February 2014 MTNA e-Journal

Untangling The Tangles: Making Musical Sense Of Bach’s First Duet (BWV 802)
By Sheryl Iott

Learning and performing Bach’s music presents many problems unique to contrapuntal processes. Contrapuntal music is uniquely difficult to memorize. If it becomes learned only in “finger memory” before it is memorized in “mental memory” it is very likely to trip you up later. Analysis provides much useful information in terms of short- and long-term melodic structures and voicing. If a performer understands the harmonic basis of the work and the way the subject statements, key areas and sequences function structurally, discrete, intricate gestures and chromaticism become less of a “problem” both in terms of accurate note-learning and in the ability to memorize securely. If we know where we are within the context of the phrase, and within the context of the piece as a whole, we are better able to generate musical direction and shape, and communicate the logic of the piece better to the listener. This article presents some of these strategies and details what contribution each may make to this process. [Read More]


Behind The Practice Room Door: A Case Study Of Second-Year Piano Majors
By Pamela D. Pike, NCTM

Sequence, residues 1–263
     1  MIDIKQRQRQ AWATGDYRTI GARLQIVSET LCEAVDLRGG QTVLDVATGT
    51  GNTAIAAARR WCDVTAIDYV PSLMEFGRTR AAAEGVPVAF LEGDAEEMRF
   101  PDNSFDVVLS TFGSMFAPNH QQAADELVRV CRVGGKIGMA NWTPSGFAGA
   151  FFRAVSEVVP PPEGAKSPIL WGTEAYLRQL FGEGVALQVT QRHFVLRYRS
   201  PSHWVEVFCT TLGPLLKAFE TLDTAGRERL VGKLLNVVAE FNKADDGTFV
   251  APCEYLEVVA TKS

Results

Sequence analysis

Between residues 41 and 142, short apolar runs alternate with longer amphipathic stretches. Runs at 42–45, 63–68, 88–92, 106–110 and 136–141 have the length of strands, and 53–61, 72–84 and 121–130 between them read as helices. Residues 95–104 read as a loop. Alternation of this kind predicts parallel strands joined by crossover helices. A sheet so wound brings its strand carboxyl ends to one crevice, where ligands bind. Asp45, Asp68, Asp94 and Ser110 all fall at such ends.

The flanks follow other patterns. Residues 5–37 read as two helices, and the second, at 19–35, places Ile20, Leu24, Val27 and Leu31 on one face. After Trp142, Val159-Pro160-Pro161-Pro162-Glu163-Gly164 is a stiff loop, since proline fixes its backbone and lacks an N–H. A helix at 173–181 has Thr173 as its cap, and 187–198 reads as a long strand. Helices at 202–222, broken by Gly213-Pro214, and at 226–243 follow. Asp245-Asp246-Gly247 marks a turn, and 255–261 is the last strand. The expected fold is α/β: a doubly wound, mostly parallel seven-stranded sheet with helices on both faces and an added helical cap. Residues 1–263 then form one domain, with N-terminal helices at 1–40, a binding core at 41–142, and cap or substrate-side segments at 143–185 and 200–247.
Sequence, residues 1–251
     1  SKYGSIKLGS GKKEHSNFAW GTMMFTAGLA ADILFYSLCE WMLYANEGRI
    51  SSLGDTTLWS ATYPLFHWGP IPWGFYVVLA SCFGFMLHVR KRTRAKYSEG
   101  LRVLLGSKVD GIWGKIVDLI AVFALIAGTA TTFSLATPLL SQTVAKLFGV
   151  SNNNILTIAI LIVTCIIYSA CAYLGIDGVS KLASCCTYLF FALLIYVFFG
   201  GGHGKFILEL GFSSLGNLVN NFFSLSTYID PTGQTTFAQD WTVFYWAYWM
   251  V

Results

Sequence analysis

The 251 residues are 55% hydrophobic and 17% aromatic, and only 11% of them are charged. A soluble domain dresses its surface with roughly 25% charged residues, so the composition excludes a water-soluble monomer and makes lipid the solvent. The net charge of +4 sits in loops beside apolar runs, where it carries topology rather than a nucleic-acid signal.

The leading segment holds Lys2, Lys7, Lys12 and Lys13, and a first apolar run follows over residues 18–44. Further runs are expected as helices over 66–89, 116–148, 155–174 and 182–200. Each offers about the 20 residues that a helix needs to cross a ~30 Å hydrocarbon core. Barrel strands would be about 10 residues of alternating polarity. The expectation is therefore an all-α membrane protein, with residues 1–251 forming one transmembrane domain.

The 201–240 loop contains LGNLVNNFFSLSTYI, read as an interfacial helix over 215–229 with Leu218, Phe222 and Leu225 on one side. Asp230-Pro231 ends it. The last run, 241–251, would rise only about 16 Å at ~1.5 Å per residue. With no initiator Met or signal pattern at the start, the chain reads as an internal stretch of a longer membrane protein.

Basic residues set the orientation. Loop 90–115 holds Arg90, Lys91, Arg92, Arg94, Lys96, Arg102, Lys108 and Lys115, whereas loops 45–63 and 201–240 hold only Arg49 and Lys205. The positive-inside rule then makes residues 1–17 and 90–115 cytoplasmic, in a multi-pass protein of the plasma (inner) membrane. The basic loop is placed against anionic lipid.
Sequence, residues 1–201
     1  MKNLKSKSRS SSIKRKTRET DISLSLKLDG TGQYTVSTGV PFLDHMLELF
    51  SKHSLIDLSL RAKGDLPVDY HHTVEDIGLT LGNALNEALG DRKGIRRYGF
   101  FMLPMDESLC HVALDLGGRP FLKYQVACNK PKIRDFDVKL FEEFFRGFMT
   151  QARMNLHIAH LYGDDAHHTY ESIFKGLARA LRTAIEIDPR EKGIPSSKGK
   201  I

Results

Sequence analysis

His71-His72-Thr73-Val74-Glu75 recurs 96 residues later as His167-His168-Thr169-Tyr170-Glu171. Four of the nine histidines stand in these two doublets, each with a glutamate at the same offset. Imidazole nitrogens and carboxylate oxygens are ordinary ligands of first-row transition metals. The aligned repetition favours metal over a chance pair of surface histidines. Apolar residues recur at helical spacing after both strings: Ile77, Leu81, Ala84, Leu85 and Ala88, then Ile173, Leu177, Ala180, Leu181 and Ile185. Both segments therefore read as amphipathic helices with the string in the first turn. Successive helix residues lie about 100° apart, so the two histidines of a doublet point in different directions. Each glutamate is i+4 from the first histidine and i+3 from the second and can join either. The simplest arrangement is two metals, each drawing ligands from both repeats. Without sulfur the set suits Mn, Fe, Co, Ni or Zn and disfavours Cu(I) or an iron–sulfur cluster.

Practicing is arguably one of the most important activities that musicians undertake in preparation for performance and it may be the most important activity in which undergraduate music majors engage. While there is a growing body of research looking at precollege students’ practice habits and the effective, deliberate practice strategies of expert or advanced musicians, there is little data on musicians during their first two years of undergraduate music study, where they develop critical rehearsal skills. This case study sought to explore the practice techniques employed by four sophomore piano performance majors through observation of two practice sessions: an informal practice mid-way through the semester; and, a formal rehearsal in preparation for a performance evaluation. Although not generalizable, common themes included: rehearsal cycles of intense concentration followed by periods of novelty and distraction; and, seven broad practice strategies that were used to greater effect by several of the subjects. Implications include the need for performance faculty to help students: understand why certain practice techniques are effective; understand when to employ specific strategies; understand how to set and define practice objectives; and explore effective structuring of practice time. [Read More]